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Co-author: Tim Fandrey

In these unprecedented times, every bit of revenue is critical to the continued operation of nearly every business operating within the construction industry. Fortunately, there are a myriad of remedies to aide collection efforts. Perhaps the most commonly discussed remedy is the mechanic’s lien provided by Chapter 53 of the Texas Property Code Chapter.
Continue Reading Mechanic’s Liens For Design Professionals: A Powerful Payment Collection Tool

When owners file bankruptcy or projects otherwise go south, lien priority often comes to the forefront.  The idea is relatively simple.  Priority is how courts determine which creditors get paid first.  This often pits lenders against M&M lien claimants.  For lenders, their liens typically arise when they record their deeds of trust.  However, for M&M lien claimants, the Texas Property Code has very specific rules that must be followed.
Continue Reading Lien Inception

Commercial landlords often allow commercial tenants to construct a buildout tailored to their business (e.g., retail stores, restaurants, redesigning office space, etc.)  Such tenants hire general contractors who in turn hire subcontractors and suppliers.  What lien rights do such subcontractors and suppliers have?
Continue Reading Filing a Lien When the Work is Done for a Tenant Rather Than an Owner

Previously, Texas law provided that a court “may” award costs and reasonable attorney fees in a suit to foreclose a lien, enforce a payment bond claim or declare a lien to be invalid to the extent that such costs and reasonable attorney fees were “equitable and just”.  The use of the word “may” allowed courts discretion over whether to award a lien claimant his or her attorney fees.  This led to unfair results.  Even lien claimants who prevailed did not always receive their attorney fees and/or costs.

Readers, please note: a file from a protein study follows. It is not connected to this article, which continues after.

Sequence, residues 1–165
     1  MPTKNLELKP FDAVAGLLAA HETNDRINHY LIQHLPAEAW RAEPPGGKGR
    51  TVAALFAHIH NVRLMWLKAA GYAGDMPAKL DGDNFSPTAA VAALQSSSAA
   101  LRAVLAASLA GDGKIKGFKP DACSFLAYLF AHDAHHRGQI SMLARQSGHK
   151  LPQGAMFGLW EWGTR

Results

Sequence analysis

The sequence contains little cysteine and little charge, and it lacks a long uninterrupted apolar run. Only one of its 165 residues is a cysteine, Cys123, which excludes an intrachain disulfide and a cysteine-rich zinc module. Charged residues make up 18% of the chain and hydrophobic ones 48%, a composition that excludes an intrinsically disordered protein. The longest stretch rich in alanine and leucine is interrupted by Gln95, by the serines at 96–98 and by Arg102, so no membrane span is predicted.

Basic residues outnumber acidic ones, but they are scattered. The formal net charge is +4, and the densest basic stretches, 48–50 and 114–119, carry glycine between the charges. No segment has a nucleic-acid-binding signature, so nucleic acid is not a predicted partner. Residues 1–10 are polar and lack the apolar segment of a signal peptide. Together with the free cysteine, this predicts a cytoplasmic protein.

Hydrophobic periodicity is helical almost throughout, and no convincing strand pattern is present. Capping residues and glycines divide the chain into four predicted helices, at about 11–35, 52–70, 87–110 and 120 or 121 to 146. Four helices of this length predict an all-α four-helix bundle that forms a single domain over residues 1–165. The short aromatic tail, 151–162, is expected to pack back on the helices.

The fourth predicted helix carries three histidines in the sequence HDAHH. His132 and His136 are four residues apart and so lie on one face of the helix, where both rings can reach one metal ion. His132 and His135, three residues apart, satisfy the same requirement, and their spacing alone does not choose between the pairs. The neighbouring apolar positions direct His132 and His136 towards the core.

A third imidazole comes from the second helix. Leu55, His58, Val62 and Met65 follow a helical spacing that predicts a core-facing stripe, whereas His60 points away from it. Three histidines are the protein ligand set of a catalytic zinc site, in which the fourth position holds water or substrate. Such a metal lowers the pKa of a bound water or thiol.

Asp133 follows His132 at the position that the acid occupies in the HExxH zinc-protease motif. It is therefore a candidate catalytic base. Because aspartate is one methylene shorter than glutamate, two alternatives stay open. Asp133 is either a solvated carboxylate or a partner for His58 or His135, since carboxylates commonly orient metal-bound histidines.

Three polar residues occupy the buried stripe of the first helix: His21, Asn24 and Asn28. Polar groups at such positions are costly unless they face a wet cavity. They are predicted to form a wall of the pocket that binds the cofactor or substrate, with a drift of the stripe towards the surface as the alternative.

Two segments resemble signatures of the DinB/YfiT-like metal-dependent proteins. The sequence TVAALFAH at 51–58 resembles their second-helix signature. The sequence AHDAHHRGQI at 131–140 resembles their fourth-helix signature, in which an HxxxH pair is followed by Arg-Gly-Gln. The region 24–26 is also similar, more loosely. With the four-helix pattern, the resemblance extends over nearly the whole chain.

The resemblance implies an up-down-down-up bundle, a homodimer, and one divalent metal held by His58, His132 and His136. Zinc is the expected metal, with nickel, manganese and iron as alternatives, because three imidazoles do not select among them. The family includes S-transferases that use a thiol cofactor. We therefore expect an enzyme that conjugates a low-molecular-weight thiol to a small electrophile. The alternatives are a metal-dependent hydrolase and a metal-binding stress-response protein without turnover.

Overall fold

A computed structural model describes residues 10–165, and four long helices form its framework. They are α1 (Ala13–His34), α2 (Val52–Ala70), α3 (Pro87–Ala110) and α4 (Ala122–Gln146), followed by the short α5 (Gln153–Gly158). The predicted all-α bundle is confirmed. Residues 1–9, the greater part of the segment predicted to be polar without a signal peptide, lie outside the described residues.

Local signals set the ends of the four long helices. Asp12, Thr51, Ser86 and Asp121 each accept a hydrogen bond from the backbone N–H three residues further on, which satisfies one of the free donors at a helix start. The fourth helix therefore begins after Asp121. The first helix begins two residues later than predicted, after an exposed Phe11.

Continue Reading Collecting Attorney Fees for Lien and Bond Claims

Historically, subcontractors and suppliers were compelled to sign onerous and overreaching lien waivers and releases in order to receive payment.  In addition, many subcontracts contain lien waivers lurking in the boiler plate.  Consequently, subcontractors often do not realize they have agreed to these clauses until it is too late.

Texas law was recently changed to

Paperwork can win or lose a lawsuit.  This is especially so in construction litigation.  To be entitled to a lien, bond, or any other claim for payment for materials delivered to a construction project, you are not required to show the materials you furnished were installed on the project.  However, you must show the materials

If you provide services or supplies in the oil field, you  should have at least a basic understanding of Texas mineral liens because filing a mineral lien may help your bottom line someday.

 Who can file a mineral lien?

mineral contractor or subcontractor may file a lien to secure payment for labor or services

In some circumstances one who is normally a subcontractor (e.g., electrician or plumber) may have a direct contract with the owner of the property.  If you have a direct contractual relationship with the owner, you will be considered to be an “original contractor” and you may have a constitutional lien.  The constitutional lien attaches to

If you are a subcontractor or supplier and you ignore your lien rights, you are losing money. A mechanic lien is a subcontractor’s and supplier’s best friend because it allows you to secure your debt by filing a lien against any private real property that you’ve furnished labor and/or materials to improve.

The reason many